According to this embodiment of the present invention, character device interfaces including (1) open, (2) release (i.e., close), (3) read, (4) write, and (5) ioctl (input/output control) are implemented in the checkpoint kernel module.

It will be appreciated that the device needs to be opened before it can be used. During the open call a file descriptor is assigned to the caller by the kernel. According to this embodiment every process using the checkpointing library will have to open this device individually. So, if there are 10 processes being checkpointed, the checkpoint device will be opened 10 times. The same holds when checkpointing an application with multiple processes. As with any other file descriptor, the file descriptor referring to the checkpoint device should be closed after use.

When a read call is issued on the file descriptor referring to the checkpoint device, the invention's kernel module interprets this as a call to read/save process state. When a write call is issued on the file descriptor referring to the checkpoint device, the kernel module interprets this as a call to write/restore process state. Additional details on read and write calls are provided below.

The input/output control (ioctl) call can be issued on the file descriptor referring to the invention's checkpoint device to perform a number of auxiliary operations. The following is a list of these operations, which are described in detail in their appropriate sections:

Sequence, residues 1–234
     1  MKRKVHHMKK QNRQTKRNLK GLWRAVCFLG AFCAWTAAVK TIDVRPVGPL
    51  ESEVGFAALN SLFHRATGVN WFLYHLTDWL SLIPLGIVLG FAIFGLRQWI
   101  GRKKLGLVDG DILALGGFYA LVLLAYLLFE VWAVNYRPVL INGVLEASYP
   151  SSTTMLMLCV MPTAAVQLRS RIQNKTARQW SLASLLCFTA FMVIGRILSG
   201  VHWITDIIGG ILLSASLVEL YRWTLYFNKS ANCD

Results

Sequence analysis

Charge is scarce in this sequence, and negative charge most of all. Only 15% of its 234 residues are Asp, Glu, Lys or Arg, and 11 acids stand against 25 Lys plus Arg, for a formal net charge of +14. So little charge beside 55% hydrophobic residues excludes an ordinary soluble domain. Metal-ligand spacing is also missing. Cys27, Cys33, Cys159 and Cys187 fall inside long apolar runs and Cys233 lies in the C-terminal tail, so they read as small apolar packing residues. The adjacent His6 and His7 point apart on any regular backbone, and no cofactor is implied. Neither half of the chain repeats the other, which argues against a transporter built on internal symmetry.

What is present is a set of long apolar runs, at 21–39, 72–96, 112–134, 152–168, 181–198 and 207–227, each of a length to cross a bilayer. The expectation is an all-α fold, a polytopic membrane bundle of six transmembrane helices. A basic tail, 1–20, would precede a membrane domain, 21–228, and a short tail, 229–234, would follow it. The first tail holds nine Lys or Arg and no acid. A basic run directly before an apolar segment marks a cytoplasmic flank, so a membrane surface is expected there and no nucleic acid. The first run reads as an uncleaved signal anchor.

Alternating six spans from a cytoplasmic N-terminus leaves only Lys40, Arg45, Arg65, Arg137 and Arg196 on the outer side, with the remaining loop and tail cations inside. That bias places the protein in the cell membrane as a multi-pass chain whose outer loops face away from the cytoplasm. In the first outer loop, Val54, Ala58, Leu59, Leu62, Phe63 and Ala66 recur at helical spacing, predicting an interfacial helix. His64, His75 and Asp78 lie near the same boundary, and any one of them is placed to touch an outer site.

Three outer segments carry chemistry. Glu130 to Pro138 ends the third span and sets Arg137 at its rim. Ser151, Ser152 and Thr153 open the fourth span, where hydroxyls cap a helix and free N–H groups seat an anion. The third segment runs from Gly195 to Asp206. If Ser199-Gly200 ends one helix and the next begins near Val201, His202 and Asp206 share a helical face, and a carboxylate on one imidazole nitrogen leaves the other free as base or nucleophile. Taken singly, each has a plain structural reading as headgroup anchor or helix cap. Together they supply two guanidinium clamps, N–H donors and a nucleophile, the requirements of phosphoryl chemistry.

(a) ET_CPDEV_IOCTL_REG_PROC—to register a process;

(b) ET_CPDEV_IOCTL_UREG_PROC—to unregister a process;

(c) ET_CPDEV_IOCTL_FSHARE—to share a file entry;

(d) ET_CPDEV_IOCTL_FCLOWN—to claim ownership of a file entry;

(e) ET_CPDEV_IOCTL_FREOWN—to reset ownership of a file entry;

(f) ET_CPDEV_IOCTL_FGEOWN—to get ownership of a file entry; and

(g) ET_CPDEV_IOCTL_PLUMB—to fix pipes.

6.3 Saving and Restoring Kernel State.

There are components of the state of a process that can only be saved from the kernel space; e.g., the contents of the data buffers of pipes and FIFOs. In addition, some things can be saved more efficiently in the kernel, such as the memory-map state and the file-descriptor state.

As described above, a read call from the invention's kernel module API is used to save the process state. The save buffer is allocated in user space and is passed as an argument to the read call. If the buffer is not big enough to store the process state, the call returns an error (errno=EAGAIN). In such a case a larger buffer is allocated in the user space and the operation is retried. All this buffer management is wrapped into the kernel module API functions. The invention's checkpointing library asks for state information using an API, which internally allocates the buffer and reads the state from the kernel.

The first few bytes in the buffer passed to the kernel contain the identifier of the type of state that should be saved by the kernel. Currently the following two types are defined as (1) File state, (2) Memory-map state. The kernel reads the type information and only returns the specified type of state.

A write call from the invention's kernel module API is used to restore the process state. The restore buffer is created in user space and is passed as an argument to the write call. The buffer management is wrapped into the kernel module API functions. The invention's checkpointing library sets the state using an API, which writes the state to the kernel.